A lawsuit filed against security giant DynCorp in a Washington DC federal court alleges that the company deliberately overcharged the US government and inflated costs while providing training for Iraqi police between 2004 and 2008.
DynCorp International remains a Pentagon contractor despite the charges brought against the company by the US Justice Department.
“The United States filed a False Claims Act complaint against DynCorp International Inc. (DynCorp) alleging that it knowingly submitted inflated claims in connection with a State Department contract to train Iraqi police forces,” says a statement released Tuesday.
The release specified that back in April 2004 the US State Department’s Bureau for International Narcotics and Law Enforcement Affairs (INL) awarded DynCorp with a contract to provide training to the Iraqi civil police (CIVPOL). The contract involved the training of Iraqis and provision of instructors, interpreters, drivers, and security guards, as well as providing logistic services and living quarters for contractor personnel.
DynCorp “knowingly allowed one of its main CIVPOL subcontractors to charge excessive and unsubstantiated rates for hotel lodging, translator, security guard and driving services and overhead expenses,” the release claims.
The complaint maintains that DynCorp was aware of unreasonable rates from the subcontractor, but billed the State Department anyway.
The complaint also insists that DynCorp inflated spending further by adding its own markup to the subcontractor’s charges.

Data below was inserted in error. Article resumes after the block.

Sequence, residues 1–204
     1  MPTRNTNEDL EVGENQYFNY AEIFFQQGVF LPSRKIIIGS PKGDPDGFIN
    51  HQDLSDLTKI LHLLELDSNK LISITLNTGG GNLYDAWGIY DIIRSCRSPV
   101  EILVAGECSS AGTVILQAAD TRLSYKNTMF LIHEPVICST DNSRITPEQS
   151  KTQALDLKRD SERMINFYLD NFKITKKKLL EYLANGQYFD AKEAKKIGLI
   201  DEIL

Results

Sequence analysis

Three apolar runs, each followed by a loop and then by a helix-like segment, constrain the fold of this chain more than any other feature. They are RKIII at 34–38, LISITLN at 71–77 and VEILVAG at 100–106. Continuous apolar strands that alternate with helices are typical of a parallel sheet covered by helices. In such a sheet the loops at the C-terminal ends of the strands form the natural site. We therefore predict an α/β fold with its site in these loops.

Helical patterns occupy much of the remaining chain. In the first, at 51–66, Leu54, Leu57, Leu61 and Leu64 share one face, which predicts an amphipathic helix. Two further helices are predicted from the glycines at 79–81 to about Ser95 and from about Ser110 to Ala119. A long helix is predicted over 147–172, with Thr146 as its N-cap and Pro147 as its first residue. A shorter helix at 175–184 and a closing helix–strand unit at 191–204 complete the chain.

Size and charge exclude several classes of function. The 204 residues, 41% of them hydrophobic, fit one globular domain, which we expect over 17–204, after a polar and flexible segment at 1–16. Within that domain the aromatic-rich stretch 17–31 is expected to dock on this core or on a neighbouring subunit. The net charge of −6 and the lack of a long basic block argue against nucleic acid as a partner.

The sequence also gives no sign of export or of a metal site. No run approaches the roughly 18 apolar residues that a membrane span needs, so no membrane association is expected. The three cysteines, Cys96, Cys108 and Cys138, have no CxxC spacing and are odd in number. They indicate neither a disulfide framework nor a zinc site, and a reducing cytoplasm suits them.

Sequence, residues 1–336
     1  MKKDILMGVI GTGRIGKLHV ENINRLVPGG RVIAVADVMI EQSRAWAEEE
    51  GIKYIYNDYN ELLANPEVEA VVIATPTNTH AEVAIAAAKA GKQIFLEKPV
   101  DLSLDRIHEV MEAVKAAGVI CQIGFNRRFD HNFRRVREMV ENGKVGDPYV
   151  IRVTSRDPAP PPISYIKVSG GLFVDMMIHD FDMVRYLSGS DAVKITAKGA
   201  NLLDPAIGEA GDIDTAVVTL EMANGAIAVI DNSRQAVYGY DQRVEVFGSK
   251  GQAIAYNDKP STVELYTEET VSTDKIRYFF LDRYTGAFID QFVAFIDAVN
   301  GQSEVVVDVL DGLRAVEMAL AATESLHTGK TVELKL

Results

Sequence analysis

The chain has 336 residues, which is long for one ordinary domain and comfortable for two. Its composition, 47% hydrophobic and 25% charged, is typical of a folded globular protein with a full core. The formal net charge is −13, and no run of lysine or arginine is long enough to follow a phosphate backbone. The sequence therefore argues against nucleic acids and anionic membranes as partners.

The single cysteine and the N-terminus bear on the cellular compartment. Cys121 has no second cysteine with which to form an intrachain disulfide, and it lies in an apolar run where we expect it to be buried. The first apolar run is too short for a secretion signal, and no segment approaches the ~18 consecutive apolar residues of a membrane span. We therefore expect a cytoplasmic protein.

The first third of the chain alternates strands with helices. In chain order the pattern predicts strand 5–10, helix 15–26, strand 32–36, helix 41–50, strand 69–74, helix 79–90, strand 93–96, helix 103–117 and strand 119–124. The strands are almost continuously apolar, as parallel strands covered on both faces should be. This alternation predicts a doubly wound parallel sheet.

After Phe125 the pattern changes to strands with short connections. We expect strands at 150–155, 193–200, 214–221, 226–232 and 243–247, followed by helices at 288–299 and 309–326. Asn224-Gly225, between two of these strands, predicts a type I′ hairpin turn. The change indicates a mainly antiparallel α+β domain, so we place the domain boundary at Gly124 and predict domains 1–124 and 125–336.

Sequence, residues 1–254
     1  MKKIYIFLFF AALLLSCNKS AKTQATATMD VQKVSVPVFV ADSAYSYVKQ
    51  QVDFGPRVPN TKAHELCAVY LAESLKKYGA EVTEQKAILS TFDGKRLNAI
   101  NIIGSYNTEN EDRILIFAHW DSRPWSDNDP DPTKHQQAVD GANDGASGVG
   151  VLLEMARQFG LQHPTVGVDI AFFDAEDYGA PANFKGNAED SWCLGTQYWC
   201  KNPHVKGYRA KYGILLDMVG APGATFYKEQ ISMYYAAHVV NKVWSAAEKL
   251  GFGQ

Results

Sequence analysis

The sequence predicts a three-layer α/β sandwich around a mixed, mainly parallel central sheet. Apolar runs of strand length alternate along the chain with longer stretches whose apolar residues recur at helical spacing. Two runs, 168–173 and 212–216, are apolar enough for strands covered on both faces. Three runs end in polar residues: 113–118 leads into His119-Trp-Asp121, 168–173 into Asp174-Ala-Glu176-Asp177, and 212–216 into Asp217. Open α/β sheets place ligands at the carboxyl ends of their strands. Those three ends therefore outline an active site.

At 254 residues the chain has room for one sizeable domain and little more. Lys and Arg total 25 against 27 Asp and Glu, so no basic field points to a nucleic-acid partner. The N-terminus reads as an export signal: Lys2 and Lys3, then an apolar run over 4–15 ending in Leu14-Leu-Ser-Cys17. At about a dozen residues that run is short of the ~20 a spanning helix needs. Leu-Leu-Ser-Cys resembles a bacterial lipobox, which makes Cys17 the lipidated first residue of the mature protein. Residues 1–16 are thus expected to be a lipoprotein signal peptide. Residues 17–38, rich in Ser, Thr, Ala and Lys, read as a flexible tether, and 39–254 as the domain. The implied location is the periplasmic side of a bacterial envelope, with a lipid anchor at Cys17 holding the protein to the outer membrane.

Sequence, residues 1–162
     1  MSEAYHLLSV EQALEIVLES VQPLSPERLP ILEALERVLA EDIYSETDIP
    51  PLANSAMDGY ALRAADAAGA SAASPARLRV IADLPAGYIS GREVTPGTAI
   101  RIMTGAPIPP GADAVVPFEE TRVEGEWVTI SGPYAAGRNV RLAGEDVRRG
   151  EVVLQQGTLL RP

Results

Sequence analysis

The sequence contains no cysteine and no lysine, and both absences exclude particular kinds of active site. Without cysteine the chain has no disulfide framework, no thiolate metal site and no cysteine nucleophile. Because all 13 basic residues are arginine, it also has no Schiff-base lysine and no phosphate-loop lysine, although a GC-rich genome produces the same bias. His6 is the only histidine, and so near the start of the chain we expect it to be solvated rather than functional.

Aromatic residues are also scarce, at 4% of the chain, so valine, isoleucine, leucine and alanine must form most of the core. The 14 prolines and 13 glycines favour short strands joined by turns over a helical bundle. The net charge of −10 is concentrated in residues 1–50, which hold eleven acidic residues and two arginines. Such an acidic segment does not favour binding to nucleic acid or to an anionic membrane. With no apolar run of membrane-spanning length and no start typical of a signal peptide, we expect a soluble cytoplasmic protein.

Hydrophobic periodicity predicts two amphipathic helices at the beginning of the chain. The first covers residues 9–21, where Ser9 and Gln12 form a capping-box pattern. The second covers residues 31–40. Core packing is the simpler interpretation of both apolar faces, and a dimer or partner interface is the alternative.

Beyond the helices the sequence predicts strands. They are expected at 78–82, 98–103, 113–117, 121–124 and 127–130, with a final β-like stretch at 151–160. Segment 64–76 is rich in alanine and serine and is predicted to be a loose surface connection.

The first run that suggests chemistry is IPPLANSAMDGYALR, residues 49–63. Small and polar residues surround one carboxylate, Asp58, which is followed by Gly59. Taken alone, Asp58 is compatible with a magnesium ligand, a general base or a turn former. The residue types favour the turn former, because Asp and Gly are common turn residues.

“DynCorp’s invoices, which reflected these inflated subcontractor rates, and DynCorp’s own fees and markups, were false and fraudulent claims,” the complaint says.
The release specified that the claims declared in the complaint are allegations only and bear no determination of liability.
The size of the alleged fraud is not specified, although the complaint notes the US$135 million the firm received from the State Department.
DynCorp has received contracts from the US Defense Department for training Afghanistan’s police officers and national troops since 2003.
The Guardian newspaper cites a reply statement from DynCorp, saying the company is disappointed by the accusations and “looks forward to responding to the complaint’s allegations in court.”
“The suit is an after-the-fact attempt to re-price certain labor and housing costs charged nearly a decade ago by a subcontractor in Iraq which was recommended to DynCorp International by the US government,” DynCorp said in a statement.